Conference schedulers from the Big Ten and everywhere else are currently wondering when realignment is ever going to stop. Surely they’re at the nearest local pub dreading what’s next, and we’re here to help!
With more teams rumored to the Big Ten, it would not be a shock to see a 20-team conference, with the Big Ten set to be at 18 starting in 2024.
For the sake of sanity, let’s pretend the two teams added are from the ACC such as say Miami and Florida State. Let’s examine at what a 20-team conference schedule would look like given a nine game conference slate:
Using 20 teams in the Big Ten, we can break them into divisions once again. Legends and Leaders have been retired, but were going to put the teams into divisions based on geography since using numbers clearly isn’t working.
There are four divisions with five teams in each the Atlantic, Central, Midwest and Pacific. All original names and not taken from existing or soon to be non-existent conferences.
Each team will play four games against teams in their division. From there they will play one game each against a non-protected rival in each division.
With that said, there are still two games to fill to get to nine games. There will be a rivalry matchup in the next to last week of the season that’s protected each year. In the final week of the season, teams will play against teams in other divisions that are in the same place in the standings.
For example, teams in first place in each division will play in the Big Ten Semifinals at a neutral site such as Detroit’s Ford Field. The other teams will square off in a 2 vs. 2, 3 vs. 3, etc. matchup among the divisions. The division matchups will rotate each year.
The two winners of the semi finals games will square off in the Big Ten Championship Game at Lucas Oil Stadium in Indianapolis.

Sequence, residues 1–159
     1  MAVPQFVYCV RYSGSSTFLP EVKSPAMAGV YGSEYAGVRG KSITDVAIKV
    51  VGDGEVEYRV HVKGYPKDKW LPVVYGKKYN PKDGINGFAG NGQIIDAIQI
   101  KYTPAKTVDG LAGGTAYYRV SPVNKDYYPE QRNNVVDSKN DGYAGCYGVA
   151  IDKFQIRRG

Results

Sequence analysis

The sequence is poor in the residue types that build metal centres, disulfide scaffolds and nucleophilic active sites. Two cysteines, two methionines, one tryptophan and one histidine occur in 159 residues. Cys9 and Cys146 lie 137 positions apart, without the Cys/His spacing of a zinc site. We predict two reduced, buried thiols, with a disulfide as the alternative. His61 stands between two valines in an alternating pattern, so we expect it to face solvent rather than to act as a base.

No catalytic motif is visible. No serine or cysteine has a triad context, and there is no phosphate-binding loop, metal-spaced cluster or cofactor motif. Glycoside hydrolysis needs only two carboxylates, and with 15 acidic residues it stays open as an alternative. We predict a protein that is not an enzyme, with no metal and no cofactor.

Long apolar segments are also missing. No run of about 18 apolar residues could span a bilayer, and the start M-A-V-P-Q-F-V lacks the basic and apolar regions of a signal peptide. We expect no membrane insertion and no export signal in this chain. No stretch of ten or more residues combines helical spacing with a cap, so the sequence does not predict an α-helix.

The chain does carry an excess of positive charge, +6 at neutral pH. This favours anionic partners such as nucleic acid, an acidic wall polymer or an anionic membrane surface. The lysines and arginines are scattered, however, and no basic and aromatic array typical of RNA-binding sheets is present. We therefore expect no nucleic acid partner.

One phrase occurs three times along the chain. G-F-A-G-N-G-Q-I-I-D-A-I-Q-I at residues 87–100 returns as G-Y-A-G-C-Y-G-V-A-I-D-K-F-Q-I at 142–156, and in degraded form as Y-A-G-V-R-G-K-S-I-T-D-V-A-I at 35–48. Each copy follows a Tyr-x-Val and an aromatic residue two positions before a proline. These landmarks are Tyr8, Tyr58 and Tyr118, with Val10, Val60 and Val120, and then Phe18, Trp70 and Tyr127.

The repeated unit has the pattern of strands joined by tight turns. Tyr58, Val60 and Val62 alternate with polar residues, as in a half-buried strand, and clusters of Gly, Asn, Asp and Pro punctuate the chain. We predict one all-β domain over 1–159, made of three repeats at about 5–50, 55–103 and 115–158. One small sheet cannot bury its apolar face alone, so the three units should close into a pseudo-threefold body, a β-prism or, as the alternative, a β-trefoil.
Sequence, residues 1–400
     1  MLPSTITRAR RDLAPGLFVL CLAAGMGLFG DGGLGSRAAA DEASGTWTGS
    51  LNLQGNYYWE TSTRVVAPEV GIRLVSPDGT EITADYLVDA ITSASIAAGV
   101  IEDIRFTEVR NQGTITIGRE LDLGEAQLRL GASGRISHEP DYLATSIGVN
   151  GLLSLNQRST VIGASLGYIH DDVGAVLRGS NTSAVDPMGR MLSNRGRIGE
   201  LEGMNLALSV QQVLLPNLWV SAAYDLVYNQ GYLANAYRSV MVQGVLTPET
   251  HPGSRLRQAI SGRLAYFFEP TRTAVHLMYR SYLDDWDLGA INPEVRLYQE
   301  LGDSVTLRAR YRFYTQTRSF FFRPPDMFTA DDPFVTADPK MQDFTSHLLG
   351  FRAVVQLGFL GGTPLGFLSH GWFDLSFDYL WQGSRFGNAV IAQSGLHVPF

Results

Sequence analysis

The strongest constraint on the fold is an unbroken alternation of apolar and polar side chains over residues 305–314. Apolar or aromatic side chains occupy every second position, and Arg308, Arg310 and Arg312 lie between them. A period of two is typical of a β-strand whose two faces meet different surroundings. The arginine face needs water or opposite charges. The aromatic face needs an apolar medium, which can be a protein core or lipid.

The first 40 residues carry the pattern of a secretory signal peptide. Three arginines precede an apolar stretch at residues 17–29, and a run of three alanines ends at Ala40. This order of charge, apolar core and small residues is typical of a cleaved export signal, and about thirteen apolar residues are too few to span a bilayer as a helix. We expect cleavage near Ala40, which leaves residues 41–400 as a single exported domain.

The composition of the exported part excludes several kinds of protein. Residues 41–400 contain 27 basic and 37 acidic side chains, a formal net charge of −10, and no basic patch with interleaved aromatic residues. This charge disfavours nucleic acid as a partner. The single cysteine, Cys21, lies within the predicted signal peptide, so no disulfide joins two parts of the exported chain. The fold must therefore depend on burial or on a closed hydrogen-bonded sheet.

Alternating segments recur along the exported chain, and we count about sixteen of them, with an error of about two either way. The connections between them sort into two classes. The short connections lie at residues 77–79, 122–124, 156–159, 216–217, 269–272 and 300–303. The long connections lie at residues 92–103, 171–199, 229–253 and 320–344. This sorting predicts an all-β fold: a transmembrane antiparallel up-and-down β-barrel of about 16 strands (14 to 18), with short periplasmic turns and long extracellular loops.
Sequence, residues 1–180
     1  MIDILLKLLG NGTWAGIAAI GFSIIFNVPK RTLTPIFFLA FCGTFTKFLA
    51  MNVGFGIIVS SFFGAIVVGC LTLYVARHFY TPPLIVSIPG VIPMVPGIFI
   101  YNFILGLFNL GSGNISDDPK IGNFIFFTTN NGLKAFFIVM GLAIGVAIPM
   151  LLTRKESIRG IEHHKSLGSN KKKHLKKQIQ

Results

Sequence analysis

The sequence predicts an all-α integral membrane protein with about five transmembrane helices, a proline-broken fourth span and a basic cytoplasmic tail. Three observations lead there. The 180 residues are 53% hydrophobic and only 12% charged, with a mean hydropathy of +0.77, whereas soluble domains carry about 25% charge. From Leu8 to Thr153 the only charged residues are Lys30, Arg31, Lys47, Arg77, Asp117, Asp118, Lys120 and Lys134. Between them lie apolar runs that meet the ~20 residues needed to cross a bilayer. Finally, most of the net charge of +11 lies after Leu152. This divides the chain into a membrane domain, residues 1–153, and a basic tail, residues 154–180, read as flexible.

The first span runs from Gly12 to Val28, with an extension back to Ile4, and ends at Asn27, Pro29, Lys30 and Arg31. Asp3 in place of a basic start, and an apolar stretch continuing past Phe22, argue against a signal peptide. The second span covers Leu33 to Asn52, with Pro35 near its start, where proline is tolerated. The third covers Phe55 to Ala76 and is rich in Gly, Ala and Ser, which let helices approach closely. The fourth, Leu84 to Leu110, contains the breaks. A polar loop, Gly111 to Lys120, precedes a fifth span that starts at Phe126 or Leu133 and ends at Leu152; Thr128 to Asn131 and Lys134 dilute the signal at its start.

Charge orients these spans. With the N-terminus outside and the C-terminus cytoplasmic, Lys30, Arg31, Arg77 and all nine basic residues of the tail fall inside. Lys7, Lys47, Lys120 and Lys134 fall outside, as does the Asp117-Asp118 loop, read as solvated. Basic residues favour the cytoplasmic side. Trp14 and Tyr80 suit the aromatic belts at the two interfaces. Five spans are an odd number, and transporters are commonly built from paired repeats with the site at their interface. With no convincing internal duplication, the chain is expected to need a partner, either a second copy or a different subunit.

The divisions I developed are as follows:
Atlantic – Penn State, Rutgers, Maryland, Florida State and Miami
Central – Ohio State, Michigan, Michigan State, Purdue, Indiana
Midwest – Minnesota, Iowa, Wisconsin, Illinois, Northwestern
Pacific – USC, UCLA, Washington, Oregon, Nebraska
These were all determined solely based on geography, not because the chaos of a division with Michigan and Ohio State would be entertaining and a trip to Miami in November would be a sigh of relief.
Despite the Big Ten determining Penn State is in fact unrivaled, they will need a rival for the sake of this schedule. The rival I’ve selected is Michigan State.
For Penn State, the schedule would feature games against Miami, Florida State, Rutgers and Maryland. They would also get Ohio State, Northwestern and Oregon for the crossover games and Michigan State for the protected rivalry game.
Let’s say the Atlantic division gets the Midwest division while the Central division gets the Pacific division for the Big Ten Semifinals Week. Penn State as the No. 1 team in the division would get Wisconsin in the semifinals and then face the winner of the other semifinal game in the Big Ten Championship the next week.
No matter what route the Big Ten takes, scheduling will not be easy. Should it stay put at 18 teams, it would be no shock if the flex-protect scheduling would stay, but a 20-team conference could change that plan.